According to THR, Viceland Canada suffered a $2.49 million pre-tax loss in 2016, the last fiscal year measured. The channel's overall revenue fell 14.1 percent from the $6.36 million it posted in 2015. 

    Viceland Canada will go off the air with Rogers on March 31. A Vice spokesman told Business Insider that the company's Toronto production studio will remain open moving forward, and that the company is in talks to keep Viceland Canada on air after March 31 (though he didn't specify a particular partner to take the place of Rogers).

    "In this crowded content universe and as audience habits change, we continue to evolve our strategy to deliver unique content to Canadians," Rogers Communications said in a statement to THR on Monday. Rogers signed its $100 million pact with Viceland Canada in 2014 as a three-year deal for production and distribution.

    Moving forward, Viceland's content — including programs like the talk show "Desus & Mero" and the marijuana docu-series "Weediquette"— will reportedly be available to Canadians on Vice.com. 

    Vice Canada president Ryan Archibald said in a statement on Monday that the company will keep "continue to grow in Canada in 2018" despite the end of its deal with Rogers:

    "We have a lot of opportunity ahead of us and will be announcing some new exciting partnerships soon. As we build VICE into the preeminent home for today's most impactful storytellers and bring those stories to viewers across the world though digital, mobile, and our award-winning studio, keeping VICELAND alive as a showcase of the content and people that shape our culture is a priority for us. Rogers Media's initial investment helped to establish our studio as a leading producer of some of the most engaging Canadian content out there and we thank them for their partnership."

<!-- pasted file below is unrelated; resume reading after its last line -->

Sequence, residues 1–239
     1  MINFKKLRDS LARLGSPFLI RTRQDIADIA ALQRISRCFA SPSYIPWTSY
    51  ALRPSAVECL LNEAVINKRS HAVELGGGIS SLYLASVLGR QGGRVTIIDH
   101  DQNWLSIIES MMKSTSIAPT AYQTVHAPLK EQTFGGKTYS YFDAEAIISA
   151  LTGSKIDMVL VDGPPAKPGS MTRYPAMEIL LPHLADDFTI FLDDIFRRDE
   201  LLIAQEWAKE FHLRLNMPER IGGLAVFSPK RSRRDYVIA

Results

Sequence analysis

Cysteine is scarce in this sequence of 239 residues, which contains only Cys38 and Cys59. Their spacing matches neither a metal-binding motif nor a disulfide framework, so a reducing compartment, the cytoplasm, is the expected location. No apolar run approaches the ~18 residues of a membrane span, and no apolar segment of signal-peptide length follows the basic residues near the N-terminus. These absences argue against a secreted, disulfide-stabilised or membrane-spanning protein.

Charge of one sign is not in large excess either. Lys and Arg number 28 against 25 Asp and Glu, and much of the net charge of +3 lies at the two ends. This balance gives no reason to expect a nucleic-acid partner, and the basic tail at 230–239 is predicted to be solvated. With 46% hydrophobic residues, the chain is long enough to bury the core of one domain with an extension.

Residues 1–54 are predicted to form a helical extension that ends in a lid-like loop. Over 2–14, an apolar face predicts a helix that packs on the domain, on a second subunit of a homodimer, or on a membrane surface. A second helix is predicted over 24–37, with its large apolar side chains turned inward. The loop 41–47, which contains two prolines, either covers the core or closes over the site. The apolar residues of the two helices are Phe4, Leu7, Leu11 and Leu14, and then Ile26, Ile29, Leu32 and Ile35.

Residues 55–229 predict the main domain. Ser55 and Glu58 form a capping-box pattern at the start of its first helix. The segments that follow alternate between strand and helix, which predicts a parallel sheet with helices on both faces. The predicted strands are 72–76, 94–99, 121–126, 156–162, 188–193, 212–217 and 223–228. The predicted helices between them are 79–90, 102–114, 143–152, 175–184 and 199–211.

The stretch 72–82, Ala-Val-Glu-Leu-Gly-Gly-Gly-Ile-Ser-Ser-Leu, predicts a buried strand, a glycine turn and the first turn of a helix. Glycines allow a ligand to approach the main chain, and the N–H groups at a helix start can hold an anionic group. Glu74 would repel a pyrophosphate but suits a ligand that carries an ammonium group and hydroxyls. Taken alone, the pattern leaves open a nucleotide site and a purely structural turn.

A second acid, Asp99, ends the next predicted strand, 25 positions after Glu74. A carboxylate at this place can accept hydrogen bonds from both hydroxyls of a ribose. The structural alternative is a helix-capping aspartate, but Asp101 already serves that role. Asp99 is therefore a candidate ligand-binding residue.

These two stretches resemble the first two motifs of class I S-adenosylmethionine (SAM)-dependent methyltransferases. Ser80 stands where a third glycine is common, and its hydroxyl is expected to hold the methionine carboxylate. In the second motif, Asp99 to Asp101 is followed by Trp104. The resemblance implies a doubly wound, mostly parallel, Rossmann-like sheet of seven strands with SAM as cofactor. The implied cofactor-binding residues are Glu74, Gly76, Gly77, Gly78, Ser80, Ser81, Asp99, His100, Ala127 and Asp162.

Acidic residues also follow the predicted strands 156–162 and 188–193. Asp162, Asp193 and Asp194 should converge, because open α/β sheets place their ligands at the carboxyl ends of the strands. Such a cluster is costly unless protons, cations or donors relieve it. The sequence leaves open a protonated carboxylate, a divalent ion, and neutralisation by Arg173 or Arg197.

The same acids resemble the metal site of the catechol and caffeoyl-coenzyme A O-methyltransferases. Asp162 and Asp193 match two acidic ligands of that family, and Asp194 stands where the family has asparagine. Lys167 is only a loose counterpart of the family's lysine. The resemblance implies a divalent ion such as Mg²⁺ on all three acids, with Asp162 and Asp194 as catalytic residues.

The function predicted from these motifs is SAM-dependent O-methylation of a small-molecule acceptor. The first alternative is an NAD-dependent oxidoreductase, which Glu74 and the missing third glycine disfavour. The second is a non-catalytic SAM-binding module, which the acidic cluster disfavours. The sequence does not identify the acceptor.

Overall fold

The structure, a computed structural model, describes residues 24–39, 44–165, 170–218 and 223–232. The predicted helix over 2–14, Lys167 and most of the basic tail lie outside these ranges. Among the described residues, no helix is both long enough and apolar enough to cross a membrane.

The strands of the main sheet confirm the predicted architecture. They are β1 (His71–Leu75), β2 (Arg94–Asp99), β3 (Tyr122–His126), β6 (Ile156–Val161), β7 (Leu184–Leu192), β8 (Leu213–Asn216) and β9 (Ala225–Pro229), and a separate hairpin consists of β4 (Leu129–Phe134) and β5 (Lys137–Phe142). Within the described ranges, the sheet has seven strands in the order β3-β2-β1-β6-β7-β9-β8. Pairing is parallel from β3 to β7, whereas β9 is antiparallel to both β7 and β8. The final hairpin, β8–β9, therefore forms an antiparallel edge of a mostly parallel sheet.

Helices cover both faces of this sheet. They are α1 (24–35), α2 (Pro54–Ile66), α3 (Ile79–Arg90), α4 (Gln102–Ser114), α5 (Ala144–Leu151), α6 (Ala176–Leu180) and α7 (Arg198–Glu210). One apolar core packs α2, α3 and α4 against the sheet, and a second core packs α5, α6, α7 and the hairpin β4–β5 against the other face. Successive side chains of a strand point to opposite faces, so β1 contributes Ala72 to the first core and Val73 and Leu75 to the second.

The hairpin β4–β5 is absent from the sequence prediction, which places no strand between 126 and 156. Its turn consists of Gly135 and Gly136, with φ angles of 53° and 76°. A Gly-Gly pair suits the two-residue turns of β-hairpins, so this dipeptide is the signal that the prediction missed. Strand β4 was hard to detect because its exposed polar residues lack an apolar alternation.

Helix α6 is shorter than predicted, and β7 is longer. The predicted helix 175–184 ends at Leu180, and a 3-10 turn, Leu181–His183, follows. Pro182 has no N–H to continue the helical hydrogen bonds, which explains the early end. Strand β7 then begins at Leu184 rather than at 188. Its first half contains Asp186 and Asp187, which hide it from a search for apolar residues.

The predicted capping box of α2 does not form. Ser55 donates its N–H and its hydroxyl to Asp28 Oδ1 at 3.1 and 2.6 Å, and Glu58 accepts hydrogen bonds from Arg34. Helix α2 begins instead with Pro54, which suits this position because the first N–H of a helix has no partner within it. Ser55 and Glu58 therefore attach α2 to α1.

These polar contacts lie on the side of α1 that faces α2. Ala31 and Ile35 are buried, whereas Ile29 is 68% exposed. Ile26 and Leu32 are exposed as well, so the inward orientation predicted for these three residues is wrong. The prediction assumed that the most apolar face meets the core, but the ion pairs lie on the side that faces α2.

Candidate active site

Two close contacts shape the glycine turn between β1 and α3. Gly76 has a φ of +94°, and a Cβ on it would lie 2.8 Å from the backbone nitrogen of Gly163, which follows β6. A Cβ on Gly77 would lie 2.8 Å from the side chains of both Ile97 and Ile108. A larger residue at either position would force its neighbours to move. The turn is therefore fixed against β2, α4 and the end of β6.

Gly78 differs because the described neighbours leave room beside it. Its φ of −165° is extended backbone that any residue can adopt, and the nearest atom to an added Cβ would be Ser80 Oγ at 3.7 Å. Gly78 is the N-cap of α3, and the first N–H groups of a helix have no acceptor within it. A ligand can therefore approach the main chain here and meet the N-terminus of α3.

Viceland has also suffered low ratings in the US — considerably lower than H2, the History channel branch Viceland replaced in 2015.

    The cancellation of Viceland Canada comes in the wake of a New York Times report last month that reported a history of allegations of and settlements over sexual misconduct in the company.

    Vice Media suspended its president, Andrew Creighton, and chief digital officer, Mike Germano, after the report. On Monday, Vice announced that it was investigating new claims of sexual misconduct made by a former Vice  reporter, Billie JD Porter. 

    In November, The Wall Street Journal reported that Vice Media was expected to miss its 2017 revenue target of $800 million. The company was last valued at $5.7 billion after the private-equity firm TPG invested $450 million in Vice in June.

    Vice Media has received big investments from Disney, Hearst, and A+E Networks.

    Correction: A previous version of this story said that Viceland Canada's Toronto studio would reportedly be closing as a result of the termination of its deal with Rogers. The studio is staying open, according to a Vice spokesman. 

    SEE ALSO: 19 Netflix original shows that both critics and audiences agree are amazing

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    NOW WATCH: Here's what losing weight does to your body and brain


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    roseanne conner

    If a bunch of the new shows coming to TV this year sound familiar, there’s probably a reason why. You’ve seen them before in some way, shape, or form.